Etymological thought of the day

It is widely accepted that the Viking presence in 10th-century Rouen area (future duchy of Normandy) left no discernible linguistic traces in the langue d’oïl language group beyond some scattered words relating to shipping and other very specific operations. However, as I was musing on the biography of the French word “seuil”, I noticed the striking similarity between the fr. seuil and the eng. sill. There was a double opportunity for this exercise. The first was provided by Gérard Genette’s book “Seuils” famously published at the “Editions du seuil”, the other by the seminar I’m teaching on the viking incursions in Neustria in the 9th century. Having dug a bit deeper, I saw that sill was quite old, actually dating back to the Old English word syll (alt. sp. sylle) which shares the root with other old Germanic languages. The first recorded occurrence of the fr. seuil was ca 1170 in the Anglo-Norman text “Quatre livres des rois”, an epitome of the four books of Kings in the Old Testament:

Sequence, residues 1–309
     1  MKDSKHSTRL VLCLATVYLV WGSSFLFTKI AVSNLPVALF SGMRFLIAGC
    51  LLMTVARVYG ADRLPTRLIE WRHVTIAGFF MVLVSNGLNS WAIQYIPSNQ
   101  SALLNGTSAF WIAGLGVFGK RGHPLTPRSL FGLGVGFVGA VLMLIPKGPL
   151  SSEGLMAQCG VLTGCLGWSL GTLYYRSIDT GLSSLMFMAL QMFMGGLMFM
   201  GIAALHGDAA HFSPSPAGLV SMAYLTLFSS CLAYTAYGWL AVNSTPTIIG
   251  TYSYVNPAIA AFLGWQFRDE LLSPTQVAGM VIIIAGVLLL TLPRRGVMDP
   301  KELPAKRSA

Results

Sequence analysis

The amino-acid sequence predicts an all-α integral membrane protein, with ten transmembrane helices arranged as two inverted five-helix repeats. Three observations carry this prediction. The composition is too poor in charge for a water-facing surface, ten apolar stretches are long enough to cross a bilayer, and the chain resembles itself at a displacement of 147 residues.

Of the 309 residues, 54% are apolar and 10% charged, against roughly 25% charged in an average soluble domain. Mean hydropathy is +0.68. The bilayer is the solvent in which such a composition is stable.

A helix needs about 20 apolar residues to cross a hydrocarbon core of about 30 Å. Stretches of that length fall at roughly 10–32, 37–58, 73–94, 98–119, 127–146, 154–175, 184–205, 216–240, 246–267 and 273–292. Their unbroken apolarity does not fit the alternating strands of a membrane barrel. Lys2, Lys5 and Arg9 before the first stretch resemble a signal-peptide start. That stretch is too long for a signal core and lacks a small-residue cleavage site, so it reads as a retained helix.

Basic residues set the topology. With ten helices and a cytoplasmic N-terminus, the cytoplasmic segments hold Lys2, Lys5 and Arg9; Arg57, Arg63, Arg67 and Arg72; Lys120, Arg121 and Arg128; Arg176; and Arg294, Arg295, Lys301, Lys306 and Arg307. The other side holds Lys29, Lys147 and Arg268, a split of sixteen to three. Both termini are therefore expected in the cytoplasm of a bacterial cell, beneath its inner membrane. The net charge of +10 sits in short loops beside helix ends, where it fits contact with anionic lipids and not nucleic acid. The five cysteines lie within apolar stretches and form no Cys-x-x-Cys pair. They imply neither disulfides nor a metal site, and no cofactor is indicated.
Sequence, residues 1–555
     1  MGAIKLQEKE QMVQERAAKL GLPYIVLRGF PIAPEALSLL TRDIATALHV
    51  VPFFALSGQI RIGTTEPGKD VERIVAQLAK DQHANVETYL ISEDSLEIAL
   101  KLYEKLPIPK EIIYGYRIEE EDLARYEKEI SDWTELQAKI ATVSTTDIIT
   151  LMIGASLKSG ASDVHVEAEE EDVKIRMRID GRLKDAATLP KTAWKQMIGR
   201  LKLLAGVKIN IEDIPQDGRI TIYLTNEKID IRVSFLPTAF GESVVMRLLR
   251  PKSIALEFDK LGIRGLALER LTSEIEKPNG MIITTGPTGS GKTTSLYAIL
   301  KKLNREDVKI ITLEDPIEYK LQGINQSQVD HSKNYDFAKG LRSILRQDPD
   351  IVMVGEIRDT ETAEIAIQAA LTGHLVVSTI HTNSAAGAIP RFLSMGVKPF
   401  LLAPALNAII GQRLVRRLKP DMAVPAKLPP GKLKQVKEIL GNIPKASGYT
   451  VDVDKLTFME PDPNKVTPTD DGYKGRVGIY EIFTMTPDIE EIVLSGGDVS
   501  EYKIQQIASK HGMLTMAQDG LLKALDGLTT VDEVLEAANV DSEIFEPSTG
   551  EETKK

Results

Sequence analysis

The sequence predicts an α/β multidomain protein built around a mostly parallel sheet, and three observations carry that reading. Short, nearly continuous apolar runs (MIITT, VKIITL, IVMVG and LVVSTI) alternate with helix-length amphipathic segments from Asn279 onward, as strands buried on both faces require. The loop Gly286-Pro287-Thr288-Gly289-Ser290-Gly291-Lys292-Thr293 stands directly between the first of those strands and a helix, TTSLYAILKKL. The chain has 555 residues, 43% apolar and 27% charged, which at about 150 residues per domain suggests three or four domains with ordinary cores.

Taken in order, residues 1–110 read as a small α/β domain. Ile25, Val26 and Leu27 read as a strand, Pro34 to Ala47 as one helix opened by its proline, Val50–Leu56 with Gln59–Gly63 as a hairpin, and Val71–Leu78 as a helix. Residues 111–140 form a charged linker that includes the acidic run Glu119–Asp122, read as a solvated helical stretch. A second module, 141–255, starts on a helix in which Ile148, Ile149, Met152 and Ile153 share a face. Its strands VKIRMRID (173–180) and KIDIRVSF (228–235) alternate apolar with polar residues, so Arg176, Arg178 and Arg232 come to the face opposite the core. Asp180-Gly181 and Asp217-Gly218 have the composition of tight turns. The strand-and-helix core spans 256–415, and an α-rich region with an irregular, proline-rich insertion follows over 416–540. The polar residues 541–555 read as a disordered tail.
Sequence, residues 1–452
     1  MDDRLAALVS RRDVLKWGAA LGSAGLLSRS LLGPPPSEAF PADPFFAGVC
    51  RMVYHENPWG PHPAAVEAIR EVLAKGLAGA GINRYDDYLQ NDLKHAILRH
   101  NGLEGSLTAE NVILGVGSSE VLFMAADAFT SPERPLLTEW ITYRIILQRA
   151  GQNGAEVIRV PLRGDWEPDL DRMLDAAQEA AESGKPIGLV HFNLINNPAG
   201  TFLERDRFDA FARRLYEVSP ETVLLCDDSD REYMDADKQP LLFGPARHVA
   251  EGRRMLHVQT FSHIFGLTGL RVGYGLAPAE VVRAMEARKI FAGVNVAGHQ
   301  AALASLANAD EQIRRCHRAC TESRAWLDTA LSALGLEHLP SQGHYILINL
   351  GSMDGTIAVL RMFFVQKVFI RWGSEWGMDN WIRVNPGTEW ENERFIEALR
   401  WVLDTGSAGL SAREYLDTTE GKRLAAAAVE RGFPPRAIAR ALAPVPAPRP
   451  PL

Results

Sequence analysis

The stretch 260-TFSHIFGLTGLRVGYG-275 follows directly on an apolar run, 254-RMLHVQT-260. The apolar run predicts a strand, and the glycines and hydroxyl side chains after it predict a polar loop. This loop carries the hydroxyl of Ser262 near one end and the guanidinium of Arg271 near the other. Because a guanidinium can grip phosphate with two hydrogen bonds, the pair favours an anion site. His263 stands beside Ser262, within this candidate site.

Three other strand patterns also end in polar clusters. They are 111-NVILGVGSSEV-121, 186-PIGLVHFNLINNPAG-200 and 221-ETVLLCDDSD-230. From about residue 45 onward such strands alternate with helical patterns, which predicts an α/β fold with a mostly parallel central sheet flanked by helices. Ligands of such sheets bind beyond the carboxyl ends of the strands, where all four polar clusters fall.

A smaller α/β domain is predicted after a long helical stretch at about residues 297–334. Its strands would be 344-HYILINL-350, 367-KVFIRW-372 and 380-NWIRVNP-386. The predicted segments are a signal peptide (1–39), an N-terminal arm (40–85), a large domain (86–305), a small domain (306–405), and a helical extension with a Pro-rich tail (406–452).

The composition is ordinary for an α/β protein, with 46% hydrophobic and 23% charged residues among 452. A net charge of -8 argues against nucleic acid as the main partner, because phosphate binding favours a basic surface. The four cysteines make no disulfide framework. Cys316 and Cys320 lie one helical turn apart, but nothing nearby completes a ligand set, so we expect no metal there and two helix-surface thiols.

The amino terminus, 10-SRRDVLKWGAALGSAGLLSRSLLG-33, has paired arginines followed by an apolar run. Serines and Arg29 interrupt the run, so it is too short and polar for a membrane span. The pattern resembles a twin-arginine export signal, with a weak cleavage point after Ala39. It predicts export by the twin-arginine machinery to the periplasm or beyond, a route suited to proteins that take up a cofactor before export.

“De rechief al demain truvèrent Dagon à terre, gisant devant l’arche, e les puinz e les chief colpez li furent sur le suil” (I, V, §4).

It could very well have been that suil was one of the many Old English imports into Norman French after the Conquest. Yet there is a possibility, and it can’t be easily dismissed, that suil was already there in oïl when the Anglo-Norman connection came about. A further argument has to do with spelling. The Old Norse for sill is svill, which may explain the scribal u/v in the French suil.

Thus, the earliest presence of suil in Anglo-Norman may not be an accident of written sources survival but an instance of a Scandinavian word subsisting in a language that evolved in an erstwhile Norse linguistic territory.

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